Strategy No. 3: Admit you are not perfect.

I have yet another surprise for you: Auditors expect to find problems. As I mentioned before, these folks see a lot of different environments and a lot of different problems. Since no environment is 100% secure, of course, they are usually going to find something, even at your SMB.

The trick is not make the same mistake twice -- after an auditor has pointed it out to you -- and when you do have an incident, handle it quickly and effectively. Remember, everyone is going to have issues from time to time -- it's all about how you handle them. What did you do to isolate the issue and remediate it? What new controls did you implement to make sure it doesn't happen again?

These are all things the auditor needs to hear. A little honesty will make you much more credible in the eyes of the auditor, as well.

Strategy No. 4: Give them what they want.

Auditors come in all shapes and sizes. Some like to stay at a high level of discussion and rely primarily on what you show them from a controls standpoint. Others want to roll up their sleeves and dig into your stuff. Just to be clear, you are not in a position to dictate what approach the auditor uses.

An audit is not like sitting on the beach sipping a margarita, but it's not a root canal without anesthesia either.


Make sure, then, that you are prepared before IT security audits begin. Of course, you want to start your examination out at a high level, focusing on your security program and the incident response plan. But you should have a supplemental pack at the ready with a lot of granular detail, including security device configurations, independent pen test results, log files and reports, and pretty much anything else you use to operationally manage your environment.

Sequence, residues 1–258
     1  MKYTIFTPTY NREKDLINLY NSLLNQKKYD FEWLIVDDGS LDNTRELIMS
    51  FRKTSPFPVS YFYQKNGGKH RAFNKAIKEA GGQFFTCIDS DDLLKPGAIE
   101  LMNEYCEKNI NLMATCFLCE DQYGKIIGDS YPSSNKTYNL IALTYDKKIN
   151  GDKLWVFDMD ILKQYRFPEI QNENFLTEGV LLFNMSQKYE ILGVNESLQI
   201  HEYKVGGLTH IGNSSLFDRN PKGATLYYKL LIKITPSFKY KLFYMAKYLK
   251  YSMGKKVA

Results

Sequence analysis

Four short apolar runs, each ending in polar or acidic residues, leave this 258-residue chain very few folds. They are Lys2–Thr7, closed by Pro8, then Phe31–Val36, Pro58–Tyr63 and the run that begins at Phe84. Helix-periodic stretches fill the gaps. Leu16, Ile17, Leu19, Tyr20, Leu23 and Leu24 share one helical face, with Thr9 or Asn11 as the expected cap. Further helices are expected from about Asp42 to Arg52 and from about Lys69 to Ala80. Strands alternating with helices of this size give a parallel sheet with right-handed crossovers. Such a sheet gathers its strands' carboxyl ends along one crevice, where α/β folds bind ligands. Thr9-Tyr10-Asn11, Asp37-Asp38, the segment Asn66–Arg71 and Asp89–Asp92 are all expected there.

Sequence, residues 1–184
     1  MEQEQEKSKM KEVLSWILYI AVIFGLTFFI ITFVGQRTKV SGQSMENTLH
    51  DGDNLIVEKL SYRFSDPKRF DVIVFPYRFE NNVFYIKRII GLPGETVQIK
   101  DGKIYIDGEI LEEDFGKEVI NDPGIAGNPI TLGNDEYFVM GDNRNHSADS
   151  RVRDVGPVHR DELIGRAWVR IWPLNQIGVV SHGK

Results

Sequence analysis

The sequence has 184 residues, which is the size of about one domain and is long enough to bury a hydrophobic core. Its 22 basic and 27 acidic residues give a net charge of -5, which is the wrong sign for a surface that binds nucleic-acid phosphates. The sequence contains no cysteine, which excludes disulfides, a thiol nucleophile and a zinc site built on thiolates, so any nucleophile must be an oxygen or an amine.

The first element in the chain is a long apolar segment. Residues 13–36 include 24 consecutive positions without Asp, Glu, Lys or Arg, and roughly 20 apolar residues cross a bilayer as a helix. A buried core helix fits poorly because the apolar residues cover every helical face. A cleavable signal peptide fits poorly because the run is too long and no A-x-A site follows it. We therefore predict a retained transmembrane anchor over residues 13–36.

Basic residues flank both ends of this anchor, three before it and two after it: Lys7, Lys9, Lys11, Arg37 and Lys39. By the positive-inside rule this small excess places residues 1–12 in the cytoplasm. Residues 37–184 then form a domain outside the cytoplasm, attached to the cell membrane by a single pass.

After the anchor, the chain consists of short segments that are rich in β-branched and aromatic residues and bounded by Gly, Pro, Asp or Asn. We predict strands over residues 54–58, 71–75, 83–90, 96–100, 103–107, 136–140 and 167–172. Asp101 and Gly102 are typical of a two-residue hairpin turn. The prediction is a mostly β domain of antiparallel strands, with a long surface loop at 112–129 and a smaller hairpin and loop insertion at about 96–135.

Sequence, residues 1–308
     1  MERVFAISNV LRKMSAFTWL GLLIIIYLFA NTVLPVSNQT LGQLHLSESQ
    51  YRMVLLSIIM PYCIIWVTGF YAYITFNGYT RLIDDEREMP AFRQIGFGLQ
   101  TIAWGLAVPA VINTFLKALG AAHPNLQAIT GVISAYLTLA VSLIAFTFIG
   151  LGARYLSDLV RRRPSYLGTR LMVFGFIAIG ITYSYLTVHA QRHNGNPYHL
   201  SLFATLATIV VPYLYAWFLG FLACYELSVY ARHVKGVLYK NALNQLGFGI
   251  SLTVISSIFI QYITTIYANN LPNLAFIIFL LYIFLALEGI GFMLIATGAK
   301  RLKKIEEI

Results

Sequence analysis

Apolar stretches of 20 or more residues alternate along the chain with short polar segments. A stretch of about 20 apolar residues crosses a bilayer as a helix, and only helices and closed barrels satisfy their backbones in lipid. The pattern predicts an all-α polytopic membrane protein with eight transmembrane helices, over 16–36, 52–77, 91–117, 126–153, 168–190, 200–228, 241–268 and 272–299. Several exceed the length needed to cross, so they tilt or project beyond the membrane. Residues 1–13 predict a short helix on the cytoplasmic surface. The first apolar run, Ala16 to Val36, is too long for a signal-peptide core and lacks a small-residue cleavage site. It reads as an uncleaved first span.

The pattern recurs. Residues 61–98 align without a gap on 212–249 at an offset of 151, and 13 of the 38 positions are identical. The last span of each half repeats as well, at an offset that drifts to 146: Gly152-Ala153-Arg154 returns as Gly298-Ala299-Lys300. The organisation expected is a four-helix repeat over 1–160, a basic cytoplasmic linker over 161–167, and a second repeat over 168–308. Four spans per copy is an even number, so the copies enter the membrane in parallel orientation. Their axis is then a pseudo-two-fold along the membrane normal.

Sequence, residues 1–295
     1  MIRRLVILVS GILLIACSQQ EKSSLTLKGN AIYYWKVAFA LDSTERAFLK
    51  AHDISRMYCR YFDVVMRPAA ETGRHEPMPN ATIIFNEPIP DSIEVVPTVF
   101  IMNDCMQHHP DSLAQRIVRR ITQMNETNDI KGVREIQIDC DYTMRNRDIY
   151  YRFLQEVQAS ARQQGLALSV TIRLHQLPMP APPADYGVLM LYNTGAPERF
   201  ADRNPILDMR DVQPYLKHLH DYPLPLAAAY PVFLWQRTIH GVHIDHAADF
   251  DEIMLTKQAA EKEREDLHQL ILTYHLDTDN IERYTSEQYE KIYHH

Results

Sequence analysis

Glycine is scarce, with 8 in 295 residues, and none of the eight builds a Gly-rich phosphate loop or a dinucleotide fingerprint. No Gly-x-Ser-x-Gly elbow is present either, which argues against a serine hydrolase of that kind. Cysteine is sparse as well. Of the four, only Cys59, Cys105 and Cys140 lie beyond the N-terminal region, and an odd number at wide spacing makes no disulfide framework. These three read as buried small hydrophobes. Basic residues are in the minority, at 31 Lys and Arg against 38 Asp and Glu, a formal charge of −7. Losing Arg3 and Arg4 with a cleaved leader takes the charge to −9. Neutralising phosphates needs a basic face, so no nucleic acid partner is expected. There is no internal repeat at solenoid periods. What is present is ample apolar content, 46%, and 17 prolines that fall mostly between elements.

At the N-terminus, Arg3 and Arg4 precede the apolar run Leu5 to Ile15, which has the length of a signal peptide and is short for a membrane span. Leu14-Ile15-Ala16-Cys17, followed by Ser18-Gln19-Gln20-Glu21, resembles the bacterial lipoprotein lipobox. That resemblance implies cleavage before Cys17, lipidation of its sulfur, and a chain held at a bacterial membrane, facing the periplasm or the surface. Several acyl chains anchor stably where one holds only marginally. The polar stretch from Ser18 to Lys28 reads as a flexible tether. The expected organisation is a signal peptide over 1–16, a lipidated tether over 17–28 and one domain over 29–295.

Strategy No. 5: Make sure it's fixed.

Nothing puts you on the wrong side of an auditor like ignoring the auditor's recommendations. After an audit, the auditor will issue a statement of findings discussing what he or she thinks needs to happen. When you see the auditor again, be sure you've acted on those recommendations.

There will be times when the auditor's recommendations are either not feasible or not practical. In that case, have a logical explanation ready as to why a recommendation couldn't get done. Don't skirt the issue, but rather address it and do it early in the process.

Keep in mind, you are allowed to disagree with the auditors, because they aren't perfect. But you have only a few of those silver bullets, so use them wisely.

The main point to understand is you don't have to fear IT security audits. They can often, though not always, be positive learning experiences. Remember: An audit is not like sitting on the beach sipping a margarita, but it's not a root canal without anesthesia either.

Mike Rothman is president and principal analyst of Security Incite, an industry analyst firm in Atlanta, and author of The Pragmatic CSO: 12 Steps to Being a Security Master. Get more information about The Pragmatic CSO at, read Rothman's blog at, or reach him via email at